Daily Management Review

Pakistan's Incarcerated Imran Khan Manipulates Rhetoric Produced By AI To Win Votes


Pakistan's Incarcerated Imran Khan Manipulates Rhetoric Produced By AI To Win Votes
Imran Khan, the imprisoned former prime minister of Pakistan, whose party is prohibited from holding public rallies, spoke at a virtual rally late on Sunday using an artificial intelligence (AI)-generated audio clip. This was the nation's first virtual gathering of its sort.
Over an AI-generated image that seems to be speaking, the internet-disturbed audio clip from Khan's Pakistan Tehreek-e-Insaf party was played during an online rally. On YouTube, it had over 1.4 million views, and tens of thousands of people watched it live on other social media sites.
"Our party is not allowed to hold public rallies," Khan said in the clip, urging supporters to turn out in large numbers at general elections set for Feb 8. "Our people are being kidnapped and their families are being harassed."
Concerns about transparency around the impending elections were heightened by the livestreaming outages, as users all throughout the country complained about sluggish internet speeds and throttling—a tactic used by telecom officials to stifle app broadcasting.
Although the disruptions were being looked into, Pakistan's telecoms regulator stated that overall internet accessibility seemed okay.
According to representatives of Khan's party, which organised the event since it is under a state-backed crackdown on in-person rallies and its leader is barred from the media, the address was derived from a written version that Khan had approved while incarcerated.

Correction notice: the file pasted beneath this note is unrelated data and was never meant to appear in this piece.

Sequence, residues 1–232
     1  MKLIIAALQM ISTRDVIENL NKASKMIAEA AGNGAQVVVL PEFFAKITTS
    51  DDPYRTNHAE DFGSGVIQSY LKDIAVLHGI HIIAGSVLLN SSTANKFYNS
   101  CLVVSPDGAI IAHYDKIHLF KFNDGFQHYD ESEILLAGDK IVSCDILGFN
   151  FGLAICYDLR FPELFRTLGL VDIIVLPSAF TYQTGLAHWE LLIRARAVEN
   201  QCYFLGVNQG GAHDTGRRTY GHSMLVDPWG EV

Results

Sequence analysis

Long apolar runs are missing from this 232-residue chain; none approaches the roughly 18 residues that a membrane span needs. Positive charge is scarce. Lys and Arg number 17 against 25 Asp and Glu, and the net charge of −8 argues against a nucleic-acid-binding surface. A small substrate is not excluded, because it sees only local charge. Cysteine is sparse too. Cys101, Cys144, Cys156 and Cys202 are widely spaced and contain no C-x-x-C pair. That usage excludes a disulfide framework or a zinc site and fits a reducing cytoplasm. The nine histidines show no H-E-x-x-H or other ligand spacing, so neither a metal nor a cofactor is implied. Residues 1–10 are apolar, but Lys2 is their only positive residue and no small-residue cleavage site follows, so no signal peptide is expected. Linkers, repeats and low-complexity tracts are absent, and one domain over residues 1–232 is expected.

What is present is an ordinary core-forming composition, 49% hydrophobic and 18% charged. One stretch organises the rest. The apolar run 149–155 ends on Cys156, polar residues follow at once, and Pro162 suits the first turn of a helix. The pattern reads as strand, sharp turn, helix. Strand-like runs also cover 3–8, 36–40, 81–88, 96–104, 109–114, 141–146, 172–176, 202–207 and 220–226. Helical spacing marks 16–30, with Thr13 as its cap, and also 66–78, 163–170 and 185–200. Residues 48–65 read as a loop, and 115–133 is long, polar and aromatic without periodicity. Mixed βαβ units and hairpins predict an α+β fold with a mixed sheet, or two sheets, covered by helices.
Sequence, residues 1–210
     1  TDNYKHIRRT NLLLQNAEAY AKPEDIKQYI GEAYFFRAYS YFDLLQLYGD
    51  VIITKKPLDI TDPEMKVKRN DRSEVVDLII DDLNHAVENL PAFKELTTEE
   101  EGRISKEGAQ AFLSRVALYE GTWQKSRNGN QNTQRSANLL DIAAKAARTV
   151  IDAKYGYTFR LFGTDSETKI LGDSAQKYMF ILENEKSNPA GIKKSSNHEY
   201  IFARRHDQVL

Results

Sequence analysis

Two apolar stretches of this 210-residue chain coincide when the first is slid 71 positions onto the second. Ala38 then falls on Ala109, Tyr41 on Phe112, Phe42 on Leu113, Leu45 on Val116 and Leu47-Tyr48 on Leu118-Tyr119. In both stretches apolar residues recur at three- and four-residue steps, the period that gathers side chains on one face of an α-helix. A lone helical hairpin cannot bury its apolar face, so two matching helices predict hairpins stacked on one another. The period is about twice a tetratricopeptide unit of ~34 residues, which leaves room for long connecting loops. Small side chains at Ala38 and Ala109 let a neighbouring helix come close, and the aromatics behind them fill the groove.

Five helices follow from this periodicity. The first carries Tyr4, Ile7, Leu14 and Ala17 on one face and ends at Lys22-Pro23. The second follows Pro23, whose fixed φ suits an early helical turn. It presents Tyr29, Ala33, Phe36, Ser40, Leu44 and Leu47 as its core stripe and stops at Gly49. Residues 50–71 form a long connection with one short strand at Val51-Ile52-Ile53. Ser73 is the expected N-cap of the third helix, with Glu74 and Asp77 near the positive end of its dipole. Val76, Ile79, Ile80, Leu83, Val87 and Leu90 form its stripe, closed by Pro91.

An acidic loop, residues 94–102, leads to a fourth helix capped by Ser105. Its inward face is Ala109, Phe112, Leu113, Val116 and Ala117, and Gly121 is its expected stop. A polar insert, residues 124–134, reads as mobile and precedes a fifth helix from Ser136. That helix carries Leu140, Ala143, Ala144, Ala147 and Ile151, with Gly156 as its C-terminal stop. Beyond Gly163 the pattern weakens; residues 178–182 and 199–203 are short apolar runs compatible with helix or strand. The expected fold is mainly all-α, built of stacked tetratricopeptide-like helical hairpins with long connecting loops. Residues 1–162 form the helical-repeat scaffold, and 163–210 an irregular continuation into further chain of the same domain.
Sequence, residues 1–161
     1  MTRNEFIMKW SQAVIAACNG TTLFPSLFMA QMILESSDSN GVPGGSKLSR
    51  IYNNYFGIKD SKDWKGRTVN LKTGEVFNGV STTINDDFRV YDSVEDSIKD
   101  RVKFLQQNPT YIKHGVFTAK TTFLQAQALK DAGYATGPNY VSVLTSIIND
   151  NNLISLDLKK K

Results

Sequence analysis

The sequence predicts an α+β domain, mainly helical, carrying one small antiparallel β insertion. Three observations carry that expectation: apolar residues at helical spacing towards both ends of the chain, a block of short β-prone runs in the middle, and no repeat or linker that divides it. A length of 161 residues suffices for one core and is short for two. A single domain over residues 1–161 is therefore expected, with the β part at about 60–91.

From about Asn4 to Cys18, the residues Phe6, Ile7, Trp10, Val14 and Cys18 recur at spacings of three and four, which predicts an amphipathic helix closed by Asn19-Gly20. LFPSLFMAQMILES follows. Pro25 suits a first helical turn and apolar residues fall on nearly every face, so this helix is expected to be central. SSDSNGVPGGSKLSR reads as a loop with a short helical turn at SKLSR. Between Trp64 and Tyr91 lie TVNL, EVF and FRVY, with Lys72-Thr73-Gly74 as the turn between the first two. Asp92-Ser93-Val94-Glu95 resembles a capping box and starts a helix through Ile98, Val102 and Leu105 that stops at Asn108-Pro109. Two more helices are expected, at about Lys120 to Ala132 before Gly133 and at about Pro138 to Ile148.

Khan has been detained since his conviction and three-year sentence on August 5 for graft. He is involved in numerous court matters, some of which are being held behind closed doors in prison, which legal experts claim violates his right to a fair trial.
The question regarding internet disruptions could be directed to the ministry of information technology or the telecom regulator, according to Murtaza Solangi, the information minister in Pakistan's caretaker government tasked with overseeing the elections, which is suspected of favouring Khan's opponents. She stated, "I have no information about it."
He did not, however, address the question of whether the pre-poll manipulation in this case constituted a violation of the right to free expression and assembly as required by election regulations in order to ensure a free and fair voting process.
Since the 71-year-old former cricket hero was removed from office as prime minister by a vote of confidence in parliament last year, a political storm has surrounded him. The party crackdown came after supporters stormed military installations in May to protest his brief detention.
Khan prevailed in the most recent general election in 2018, a win his opponents claim was aided by the military, which frequently has a disproportionate influence in forming or overturning governments in Pakistan.
He also attributes his dismissal to the military, citing a disagreement with generals on the appointment of the head of Pakistan's principal spy agency. This is refuted by the military.